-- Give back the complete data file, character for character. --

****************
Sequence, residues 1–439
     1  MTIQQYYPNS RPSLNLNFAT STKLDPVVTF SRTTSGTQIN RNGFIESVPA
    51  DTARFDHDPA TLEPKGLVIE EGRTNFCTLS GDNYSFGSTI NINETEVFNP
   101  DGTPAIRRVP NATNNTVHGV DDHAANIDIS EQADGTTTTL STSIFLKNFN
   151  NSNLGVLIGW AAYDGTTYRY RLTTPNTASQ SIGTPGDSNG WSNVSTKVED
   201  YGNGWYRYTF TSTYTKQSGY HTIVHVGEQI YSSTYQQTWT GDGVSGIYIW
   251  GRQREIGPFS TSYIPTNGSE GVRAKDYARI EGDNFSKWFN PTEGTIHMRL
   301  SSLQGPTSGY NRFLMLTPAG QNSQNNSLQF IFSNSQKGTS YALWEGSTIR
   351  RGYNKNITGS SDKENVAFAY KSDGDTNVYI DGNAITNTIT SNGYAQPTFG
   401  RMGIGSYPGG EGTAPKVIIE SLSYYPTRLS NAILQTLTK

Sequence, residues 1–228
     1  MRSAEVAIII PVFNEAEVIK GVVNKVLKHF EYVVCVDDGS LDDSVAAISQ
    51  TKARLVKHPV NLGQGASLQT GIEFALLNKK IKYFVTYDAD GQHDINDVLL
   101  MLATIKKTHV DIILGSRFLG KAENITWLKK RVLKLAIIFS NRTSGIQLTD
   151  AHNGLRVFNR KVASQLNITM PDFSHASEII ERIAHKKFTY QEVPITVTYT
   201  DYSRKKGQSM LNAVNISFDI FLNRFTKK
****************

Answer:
Sequence, residues 1–439
     1  MTIQQYYPNS RPSLNLNFAT STKLDPVVTF SRTTSGTQIN RNGFIESVPA
    51  DTARFDHDPA TLEPKGLVIE EGRTNFCTLS GDNYSFGSTI NINETEVFNP
   101  DGTPAIRRVP NATNNTVHGV DDHAANIDIS EQADGTTTTL STSIFLKNFN
   151  NSNLGVLIGW AAYDGTTYRY RLTTPNTASQ SIGTPGDSNG WSNVSTKVED
   201  YGNGWYRYTF TSTYTKQSGY HTIVHVGEQI YSSTYQQTWT GDGVSGIYIW
   251  GRQREIGPFS TSYIPTNGSE GVRAKDYARI EGDNFSKWFN PTEGTIHMRL
   301  SSLQGPTSGY NRFLMLTPAG QNSQNNSLQF IFSNSQKGTS YALWEGSTIR
   351  RGYNKNITGS SDKENVAFAY KSDGDTNVYI DGNAITNTIT SNGYAQPTFG
   401  RMGIGSYPGG EGTAPKVIIE SLSYYPTRLS NAILQTLTK

Sequence, residues 1–228
     1  MRSAEVAIII PVFNEAEVIK GVVNKVLKHF EYVVCVDDGS LDDSVAAISQ
    51  TKARLVKHPV NLGQGASLQT GIEFALLNKK IKYFVTYDAD GQHDINDVLL
   101  MLATIKKTHV DIILGSRFLG KAENITWLKK RVLKLAIIFS NRTSGIQLTD
   151  AHNGLRVFNR KVASQLNITM PDFSHASEII ERIAHKKFTY QEVPITVTYT
   201  DYSRKKGQSM LNAVNISFDI FLNRFTKK